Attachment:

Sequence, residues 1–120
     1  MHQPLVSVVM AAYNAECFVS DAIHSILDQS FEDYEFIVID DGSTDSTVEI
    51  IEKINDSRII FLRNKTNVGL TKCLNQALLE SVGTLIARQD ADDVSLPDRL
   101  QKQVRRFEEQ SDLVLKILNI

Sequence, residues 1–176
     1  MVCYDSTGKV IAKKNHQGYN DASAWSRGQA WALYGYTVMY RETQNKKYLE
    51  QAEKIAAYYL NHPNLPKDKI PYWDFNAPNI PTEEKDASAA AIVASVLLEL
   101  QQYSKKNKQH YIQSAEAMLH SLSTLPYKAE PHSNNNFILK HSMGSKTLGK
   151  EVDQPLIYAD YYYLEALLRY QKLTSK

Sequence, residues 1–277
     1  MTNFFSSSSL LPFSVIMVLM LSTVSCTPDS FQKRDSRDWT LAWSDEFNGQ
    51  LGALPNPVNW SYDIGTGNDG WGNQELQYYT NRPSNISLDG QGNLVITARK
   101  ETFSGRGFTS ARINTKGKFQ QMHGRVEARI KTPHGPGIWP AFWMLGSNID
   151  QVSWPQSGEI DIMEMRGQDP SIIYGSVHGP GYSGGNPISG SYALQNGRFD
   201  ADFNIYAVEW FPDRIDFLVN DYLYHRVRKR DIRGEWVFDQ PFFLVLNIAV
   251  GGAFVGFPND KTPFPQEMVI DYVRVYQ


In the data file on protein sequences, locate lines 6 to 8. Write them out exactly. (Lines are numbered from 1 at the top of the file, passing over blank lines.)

     1  MVCYDSTGKV IAKKNHQGYN DASAWSRGQA WALYGYTVMY RETQNKKYLE
    51  QAEKIAAYYL NHPNLPKDKI PYWDFNAPNI PTEEKDASAA AIVASVLLEL
   101  QQYSKKNKQH YIQSAEAMLH SLSTLPYKAE PHSNNNFILK HSMGSKTLGK